I have been advised that C++ and VBA are commonly requested languages for actuaries. So, while I am studying for exam MFE, I have been writing simple programs.  My native language is LISP.  I like its beauty, and its adaptability.  I am sure that C++ has its promoters, but I think that it is a shame that such an ugly programming language has become one of the most used.

Of course, I am still a novice to the language, so my code is still extra ugly.

Computes call price using binomial model:

#include <cstdlib>
#include <iostream>
#include <cmath>
#include <iomanip>

//Calculates price of call option, and portfolio required to duplicate option, using binomial tree

int main() {
using namespace std;
float S0, r,div, K, h, sigma, u, d, uS,dS,Cu,Cd,delta, bondValue, callPrice;
//get data
cout<<“Calculate the price of a call, using a one period binary tree”<<endl;
cout<<“Current Stock Price?”;
cin>>S0;
cout<<“Continuously Compounded Risk Free Rate?”;
cin>>r;
cout<<“Continuous Dividend Rate?”;
cin>>div;
cout<<“Strike Price?”;
cin>>K;
cout<<“Time to Expiration?”;
cin>>h;
cout<<“Volatility?”;
cin>>sigma;
//calculate likely upward and downward motions
u=exp((r-div)*h+sigma*sqrt(h));
d=exp((r-div)*h-sigma*sqrt(h));
uS=u*S0;
dS=d*S0;
cout<<“Upward Move “<<uS<<endl;
cout<<“Downward Move “<<dS<<endl;
//calculate payoff of call, given motions above
if (uS > K)
Cu = uS-K;
else Cu = 0;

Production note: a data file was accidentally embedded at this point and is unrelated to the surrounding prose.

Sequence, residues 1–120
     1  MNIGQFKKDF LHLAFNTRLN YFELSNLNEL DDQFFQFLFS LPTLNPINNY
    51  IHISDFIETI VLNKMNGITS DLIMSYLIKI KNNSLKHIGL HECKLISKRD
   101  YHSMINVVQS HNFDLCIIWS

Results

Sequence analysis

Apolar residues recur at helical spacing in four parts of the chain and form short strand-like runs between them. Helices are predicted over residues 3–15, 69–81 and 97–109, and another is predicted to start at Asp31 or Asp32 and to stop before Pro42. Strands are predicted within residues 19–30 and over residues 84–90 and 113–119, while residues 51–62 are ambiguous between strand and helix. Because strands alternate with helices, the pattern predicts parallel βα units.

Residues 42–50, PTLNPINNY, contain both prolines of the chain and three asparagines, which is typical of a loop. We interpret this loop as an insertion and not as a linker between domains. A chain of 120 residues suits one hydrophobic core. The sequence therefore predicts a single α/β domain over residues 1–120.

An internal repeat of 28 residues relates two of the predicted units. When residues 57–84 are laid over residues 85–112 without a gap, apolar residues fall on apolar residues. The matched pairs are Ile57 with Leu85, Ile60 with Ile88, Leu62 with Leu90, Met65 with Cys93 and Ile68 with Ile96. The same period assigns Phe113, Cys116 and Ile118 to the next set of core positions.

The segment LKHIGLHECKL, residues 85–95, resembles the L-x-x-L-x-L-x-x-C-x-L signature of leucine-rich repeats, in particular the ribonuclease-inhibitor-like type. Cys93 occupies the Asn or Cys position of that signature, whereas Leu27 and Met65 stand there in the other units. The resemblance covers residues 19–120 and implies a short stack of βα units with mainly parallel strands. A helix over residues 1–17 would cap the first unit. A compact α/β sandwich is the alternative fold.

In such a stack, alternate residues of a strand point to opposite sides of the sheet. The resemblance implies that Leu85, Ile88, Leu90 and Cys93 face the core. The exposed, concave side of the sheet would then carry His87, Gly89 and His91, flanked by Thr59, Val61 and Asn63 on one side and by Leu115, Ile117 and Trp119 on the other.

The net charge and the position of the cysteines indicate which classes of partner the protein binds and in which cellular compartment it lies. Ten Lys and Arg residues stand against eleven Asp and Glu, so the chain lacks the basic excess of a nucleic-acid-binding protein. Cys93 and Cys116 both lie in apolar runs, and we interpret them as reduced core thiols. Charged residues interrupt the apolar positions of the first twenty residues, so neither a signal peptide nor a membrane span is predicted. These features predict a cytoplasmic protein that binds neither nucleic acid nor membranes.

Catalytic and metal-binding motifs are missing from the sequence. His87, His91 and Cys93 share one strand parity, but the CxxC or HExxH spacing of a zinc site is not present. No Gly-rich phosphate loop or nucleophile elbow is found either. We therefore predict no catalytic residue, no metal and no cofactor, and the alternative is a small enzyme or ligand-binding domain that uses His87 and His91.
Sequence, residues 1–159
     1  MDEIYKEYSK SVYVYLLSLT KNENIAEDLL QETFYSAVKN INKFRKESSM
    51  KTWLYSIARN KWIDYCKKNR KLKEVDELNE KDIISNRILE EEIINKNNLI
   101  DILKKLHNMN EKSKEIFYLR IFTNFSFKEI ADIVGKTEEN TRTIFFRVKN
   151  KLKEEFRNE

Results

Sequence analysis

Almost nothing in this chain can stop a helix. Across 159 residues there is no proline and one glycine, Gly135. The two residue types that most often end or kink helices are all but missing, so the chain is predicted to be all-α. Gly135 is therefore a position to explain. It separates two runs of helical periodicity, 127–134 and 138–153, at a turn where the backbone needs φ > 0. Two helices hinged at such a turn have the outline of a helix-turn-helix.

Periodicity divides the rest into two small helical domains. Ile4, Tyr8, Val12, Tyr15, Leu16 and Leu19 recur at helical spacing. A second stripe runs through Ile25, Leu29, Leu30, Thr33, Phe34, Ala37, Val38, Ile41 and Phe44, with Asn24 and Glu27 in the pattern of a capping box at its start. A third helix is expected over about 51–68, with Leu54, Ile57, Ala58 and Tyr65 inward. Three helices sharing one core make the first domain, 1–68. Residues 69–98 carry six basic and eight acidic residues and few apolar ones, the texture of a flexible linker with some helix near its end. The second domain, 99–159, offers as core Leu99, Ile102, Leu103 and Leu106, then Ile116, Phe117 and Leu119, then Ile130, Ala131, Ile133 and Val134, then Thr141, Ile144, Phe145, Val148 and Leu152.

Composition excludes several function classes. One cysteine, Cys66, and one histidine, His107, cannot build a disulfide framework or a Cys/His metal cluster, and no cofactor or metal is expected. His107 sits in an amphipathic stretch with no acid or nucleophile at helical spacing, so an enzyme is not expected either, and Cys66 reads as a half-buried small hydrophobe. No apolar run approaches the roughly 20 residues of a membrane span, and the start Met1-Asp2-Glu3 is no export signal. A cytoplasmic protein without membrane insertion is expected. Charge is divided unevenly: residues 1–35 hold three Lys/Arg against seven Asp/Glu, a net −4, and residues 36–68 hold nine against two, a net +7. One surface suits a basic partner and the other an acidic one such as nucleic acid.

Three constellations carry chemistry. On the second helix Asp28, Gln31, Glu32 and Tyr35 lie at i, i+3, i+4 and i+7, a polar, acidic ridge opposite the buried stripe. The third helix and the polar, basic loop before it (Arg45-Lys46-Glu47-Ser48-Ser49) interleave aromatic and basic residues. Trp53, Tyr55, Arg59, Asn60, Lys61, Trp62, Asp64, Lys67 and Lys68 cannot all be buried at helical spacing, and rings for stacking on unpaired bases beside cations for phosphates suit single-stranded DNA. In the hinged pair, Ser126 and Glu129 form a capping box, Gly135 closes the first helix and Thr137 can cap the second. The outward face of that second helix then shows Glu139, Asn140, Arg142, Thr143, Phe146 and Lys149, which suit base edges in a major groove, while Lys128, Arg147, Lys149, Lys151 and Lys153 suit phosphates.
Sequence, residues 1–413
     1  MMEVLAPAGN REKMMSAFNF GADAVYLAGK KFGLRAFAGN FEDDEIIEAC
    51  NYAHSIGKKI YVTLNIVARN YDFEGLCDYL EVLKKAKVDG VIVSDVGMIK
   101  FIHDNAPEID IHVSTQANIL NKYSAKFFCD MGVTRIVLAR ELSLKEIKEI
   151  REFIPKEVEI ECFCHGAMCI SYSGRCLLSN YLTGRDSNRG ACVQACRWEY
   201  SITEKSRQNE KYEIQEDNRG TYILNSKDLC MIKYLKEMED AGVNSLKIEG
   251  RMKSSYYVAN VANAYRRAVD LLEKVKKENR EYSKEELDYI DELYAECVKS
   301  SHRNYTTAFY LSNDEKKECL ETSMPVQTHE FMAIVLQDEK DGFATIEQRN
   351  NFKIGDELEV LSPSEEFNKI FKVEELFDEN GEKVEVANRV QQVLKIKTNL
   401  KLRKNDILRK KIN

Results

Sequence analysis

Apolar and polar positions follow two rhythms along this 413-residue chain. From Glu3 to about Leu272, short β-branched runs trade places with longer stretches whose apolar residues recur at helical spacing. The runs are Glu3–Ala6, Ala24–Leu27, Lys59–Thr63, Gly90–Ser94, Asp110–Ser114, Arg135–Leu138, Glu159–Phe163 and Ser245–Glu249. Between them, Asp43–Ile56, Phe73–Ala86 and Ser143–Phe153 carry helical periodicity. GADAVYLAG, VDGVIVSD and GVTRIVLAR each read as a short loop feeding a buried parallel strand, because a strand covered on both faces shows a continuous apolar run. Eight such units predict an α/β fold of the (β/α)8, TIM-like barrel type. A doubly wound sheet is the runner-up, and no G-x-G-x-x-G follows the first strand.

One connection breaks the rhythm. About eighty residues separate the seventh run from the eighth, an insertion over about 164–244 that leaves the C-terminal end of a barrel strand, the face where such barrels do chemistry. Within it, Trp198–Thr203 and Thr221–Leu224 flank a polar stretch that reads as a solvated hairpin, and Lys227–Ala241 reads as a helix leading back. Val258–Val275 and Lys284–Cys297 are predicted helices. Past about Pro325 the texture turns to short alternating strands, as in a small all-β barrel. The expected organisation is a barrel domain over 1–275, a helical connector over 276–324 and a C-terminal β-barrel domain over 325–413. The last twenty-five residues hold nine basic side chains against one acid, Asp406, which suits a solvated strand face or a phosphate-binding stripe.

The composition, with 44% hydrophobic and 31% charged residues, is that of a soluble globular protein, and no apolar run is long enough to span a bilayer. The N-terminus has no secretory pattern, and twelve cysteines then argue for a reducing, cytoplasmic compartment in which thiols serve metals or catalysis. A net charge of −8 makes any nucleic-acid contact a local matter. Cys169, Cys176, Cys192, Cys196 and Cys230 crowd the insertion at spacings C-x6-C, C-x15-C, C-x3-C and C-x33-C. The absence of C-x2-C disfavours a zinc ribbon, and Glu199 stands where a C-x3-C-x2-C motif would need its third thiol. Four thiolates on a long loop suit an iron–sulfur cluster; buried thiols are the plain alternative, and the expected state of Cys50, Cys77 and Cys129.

if (dS > K)
Cd = dS-K;
else Cd = 0;
//calculate Delta, Beta, and call option price
delta=exp(-div * h)*(Cu-Cd)/(S0*(u-d));
bondValue=exp(-r * h)*((u*Cd)-(d*Cu))/(u-d);
callPrice=delta*S0+bondValue;
cout<<“To duplicate the call, buy “<<delta<<” shares=”” of=”” the=”” stock=”” for=”” “<<delta*s0<<“=”” dollars=”” and=”” borrow=”” “<<-1=”” *=”” bondvalue<<“=”” at=”” rate=”” “<<r<<“=”” a=”” total=”” price=”” “<<callprice<<<span=”” class=”hiddenSpellError” pre=”” data-mce-bogus=”1″>endl;
cout<<“Price of Call “<<callPrice<<endl;

//find the price of some other related calls
cout<<“Some other Call prices: “<<endl;
float step;
step = 0.05*K;
K= K-5*step;
for (int z=0;z<11;z++){
if (uS > K)
Cu = uS-K;
else Cu = 0;
if (dS > K)
Cd = dS-K;
else Cd = 0;

delta=exp(-div * h)*(Cu-Cd)/(S0*(u-d));
bondValue=exp(-r * h)*((u*Cd)-(d*Cu))/(u-d);
callPrice=delta*S0+bondValue;

cout<<setw(8)<<k<<” “<<callprice<<<span=”” class=”hiddenSpellError” pre=”” data-mce-bogus=”1″>endl;
K=K+step;
}
return 0;
}
//Wow what an ugly program

Here is a sample run:

# New Study Materials for Exam FM